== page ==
Ripper Street: 2.08 - Our Betrayal, Part 2

As ever, there are spoilers throughout the below review. Don’t go near if you haven’t watched.

Well that’s that then, maybe forever. Ripper Street has sloped off into the narrow winding streets of Whitechapel, for the last time. This was an episode that wrapped up nearly all of the loose ends, but opened up a few new questions. One of the issues that British TV has is that recommissioning (or not) of series is regularly decided after they’ve been filmed, so it’s very rare for a series to get a proper conclusion. Depending on your view, that's not such an issue here.

So the theme this week was… hang on… there was no theme. It was basically the conclusion of Edmund Reid’s series long pursuit of Jedediah Shine, the Homer Jackson, Long Susan, and Duggan love triangle, and the resurrection and humanising of Bennett Drake.

Opening with the weakest of the strands as Councillor Cobden is hassled by the press, before three decomposed bodies are found and that kicks off the final chase. Reid’s impotence, in more than one way, is covered. He doesn’t have the stomach for violence himself but is happy to put Drake into play without regard for his feelings. But this is a very different Bennett Drake this week, “Has your dog gone lame” asks Verner as Drake refuses to do Reid’s bidding. Reid is also emotionally impotent, his wife left him and his new love is constantly being left hanging, in many ways Reid’s character is the saddest on show, an essentially good man who is forever doing the wrong thing to people around him in order to ‘get justice’. It’s a portrayal that is right up Matthew Macfadyen’s street, there is no-one else that does fed-up, soulless-eyed look quite as well. Though the final “Kill him!” is a bit too far out of character to be totally believable you do understand how he's become desperate enough to get there.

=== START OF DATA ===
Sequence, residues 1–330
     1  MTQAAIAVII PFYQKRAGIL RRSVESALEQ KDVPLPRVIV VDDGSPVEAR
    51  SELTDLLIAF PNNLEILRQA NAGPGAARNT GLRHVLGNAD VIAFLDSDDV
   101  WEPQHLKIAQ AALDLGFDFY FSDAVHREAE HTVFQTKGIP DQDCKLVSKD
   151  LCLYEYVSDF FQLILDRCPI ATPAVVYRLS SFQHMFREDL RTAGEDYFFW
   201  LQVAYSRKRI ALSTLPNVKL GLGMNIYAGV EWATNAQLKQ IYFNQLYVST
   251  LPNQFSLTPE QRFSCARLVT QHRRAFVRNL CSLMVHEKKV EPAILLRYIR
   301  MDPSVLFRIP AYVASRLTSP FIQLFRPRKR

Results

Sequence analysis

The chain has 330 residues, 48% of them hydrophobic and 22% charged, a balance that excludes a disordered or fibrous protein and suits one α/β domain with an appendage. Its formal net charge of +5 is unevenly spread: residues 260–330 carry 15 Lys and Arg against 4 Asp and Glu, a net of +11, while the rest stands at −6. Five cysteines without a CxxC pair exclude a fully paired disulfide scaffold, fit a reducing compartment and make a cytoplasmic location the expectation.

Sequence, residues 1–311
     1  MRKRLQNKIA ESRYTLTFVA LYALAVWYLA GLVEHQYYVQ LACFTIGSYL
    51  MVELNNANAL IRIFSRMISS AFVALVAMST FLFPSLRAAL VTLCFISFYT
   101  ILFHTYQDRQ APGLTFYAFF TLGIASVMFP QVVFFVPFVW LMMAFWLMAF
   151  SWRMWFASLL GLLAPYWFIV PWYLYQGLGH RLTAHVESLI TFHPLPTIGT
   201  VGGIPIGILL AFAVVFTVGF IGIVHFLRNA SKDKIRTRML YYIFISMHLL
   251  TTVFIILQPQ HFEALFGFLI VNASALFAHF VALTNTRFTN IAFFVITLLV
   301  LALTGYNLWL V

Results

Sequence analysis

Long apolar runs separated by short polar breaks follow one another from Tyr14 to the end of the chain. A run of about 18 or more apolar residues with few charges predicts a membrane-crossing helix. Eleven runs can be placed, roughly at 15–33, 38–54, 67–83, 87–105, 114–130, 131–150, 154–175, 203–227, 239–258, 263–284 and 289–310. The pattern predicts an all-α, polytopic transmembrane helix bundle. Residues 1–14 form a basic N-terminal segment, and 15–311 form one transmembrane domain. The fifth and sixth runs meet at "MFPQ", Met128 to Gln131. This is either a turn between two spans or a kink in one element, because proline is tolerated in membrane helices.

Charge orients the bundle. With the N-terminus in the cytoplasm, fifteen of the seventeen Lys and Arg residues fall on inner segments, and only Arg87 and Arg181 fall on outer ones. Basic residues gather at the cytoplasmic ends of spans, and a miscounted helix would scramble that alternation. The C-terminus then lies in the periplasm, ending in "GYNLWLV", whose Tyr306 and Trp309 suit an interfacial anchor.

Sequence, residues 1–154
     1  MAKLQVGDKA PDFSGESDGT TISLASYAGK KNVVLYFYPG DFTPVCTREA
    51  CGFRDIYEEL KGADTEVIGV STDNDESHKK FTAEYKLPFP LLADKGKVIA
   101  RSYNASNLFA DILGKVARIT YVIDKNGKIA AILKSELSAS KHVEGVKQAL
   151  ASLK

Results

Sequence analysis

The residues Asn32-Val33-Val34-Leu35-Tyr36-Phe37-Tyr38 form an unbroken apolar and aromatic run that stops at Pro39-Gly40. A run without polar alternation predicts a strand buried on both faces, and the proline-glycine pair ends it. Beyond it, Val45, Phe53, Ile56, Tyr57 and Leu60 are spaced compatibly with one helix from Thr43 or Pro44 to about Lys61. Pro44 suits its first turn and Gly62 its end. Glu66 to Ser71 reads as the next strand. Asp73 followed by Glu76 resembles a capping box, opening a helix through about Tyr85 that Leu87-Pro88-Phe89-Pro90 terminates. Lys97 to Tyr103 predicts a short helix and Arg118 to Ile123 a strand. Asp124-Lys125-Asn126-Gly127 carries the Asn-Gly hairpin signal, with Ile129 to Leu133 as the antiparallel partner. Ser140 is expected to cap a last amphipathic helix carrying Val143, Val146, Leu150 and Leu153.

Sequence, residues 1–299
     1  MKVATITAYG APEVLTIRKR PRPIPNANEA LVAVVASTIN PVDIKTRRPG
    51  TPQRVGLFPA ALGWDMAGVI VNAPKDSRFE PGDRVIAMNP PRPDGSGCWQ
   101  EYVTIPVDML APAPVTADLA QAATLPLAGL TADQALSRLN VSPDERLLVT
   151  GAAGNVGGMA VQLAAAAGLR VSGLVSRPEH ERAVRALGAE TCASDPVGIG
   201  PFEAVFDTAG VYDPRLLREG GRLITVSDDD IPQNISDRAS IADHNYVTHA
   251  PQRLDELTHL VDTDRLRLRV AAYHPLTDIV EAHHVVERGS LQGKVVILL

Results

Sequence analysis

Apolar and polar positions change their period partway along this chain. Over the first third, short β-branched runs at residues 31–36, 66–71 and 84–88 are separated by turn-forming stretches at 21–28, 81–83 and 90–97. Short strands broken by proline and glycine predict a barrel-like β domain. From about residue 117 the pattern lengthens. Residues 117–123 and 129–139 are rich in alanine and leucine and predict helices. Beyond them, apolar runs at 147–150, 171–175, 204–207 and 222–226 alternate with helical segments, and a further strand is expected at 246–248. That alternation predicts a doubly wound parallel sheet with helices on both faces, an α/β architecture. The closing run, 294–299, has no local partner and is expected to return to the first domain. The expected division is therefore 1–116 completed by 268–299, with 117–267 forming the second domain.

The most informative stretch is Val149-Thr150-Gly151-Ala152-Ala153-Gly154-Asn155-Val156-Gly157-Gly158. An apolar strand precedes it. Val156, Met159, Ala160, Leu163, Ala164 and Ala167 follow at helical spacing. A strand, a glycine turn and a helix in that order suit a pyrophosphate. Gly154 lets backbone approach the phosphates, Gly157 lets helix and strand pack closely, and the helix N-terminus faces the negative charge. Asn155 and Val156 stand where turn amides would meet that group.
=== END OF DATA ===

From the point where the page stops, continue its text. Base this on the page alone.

Drake's “Life is offended by you and me” speech summarises where he has arrived at in this episode. He’s returned from the brink and is drinking tea with Rose, in one of the most touching scenes of the series. Without wishing to harp on too much about this, Jerome Flynn’s work in this series is stellar, if you can remember back to where his character was at the start of this run you’ll have seen the journey from the pretty stereotypical hardman sidekick portrayal through to someone much more multi-layered, with depths rarely found in that kind of role. Flynn’s hangdog expression and see-into-the-soul eyes do the work of a hundred words. The saddest part of the episode, apart from the Long Susan scenes, is the resignation that he can’t escape from who he’s been and what’s expected of him, although this is nicely subverted twice when he refuses Reid’s orders.
The third story arc comes to a full conclusion as Jackson finally comes through with a solution to the Duggan problem, but far too late for Susan. "Mr Duggan, does your new bitch not know to knock when men are at their business?" She’s basically a working woman in her own home now, delivering food and being at Duggan’s beck and call. There’s further good work from MyAnna Buring, another that has grown into her role through this second series, and Adam Rothenberg gives some depth to his previously cocksure American. The convoluted plotting with the diamond and Jackson’s brother continues, and the stories intertwine with Reid finally figuring out that Duggan is at the root of the overarching conspiracy of the series, and in cahoots with Shine. At times the plot has become a little confusing and as it’s been drawn out over the last four or five weeks you have to have been watching to keep up.
In the end though this comes down to the characters, the men and women of Ripper Street. Those fighting the good fight (Edmund Reid), their own demons (Bennett Drake), or their own weaknesses (Homer Jackson), and those railing against their past (Rose Erskine) or their situation (Long Susan). Conversely, the villains of the piece don’t have as convincing motivation, for Duggan it’s money, for Shine it seems like he’s purely in it for the love of murder and villainy.
What started at Christmas 2012 as a slightly schlocky period drama based on the oft-visited Jack The Ripper story has turned into one of the most enjoyably gripping British TV dramas of recent years. Mix the the fantastic sets, which give Whitechapel the feel of a living, breathing part of the city, the excellent scripts and dialogue, and the outstanding cast and you’ve got a once in a generation TV show. Now all we need is for someone to sign that cheque. Come on Lovefilm, you know you want to.

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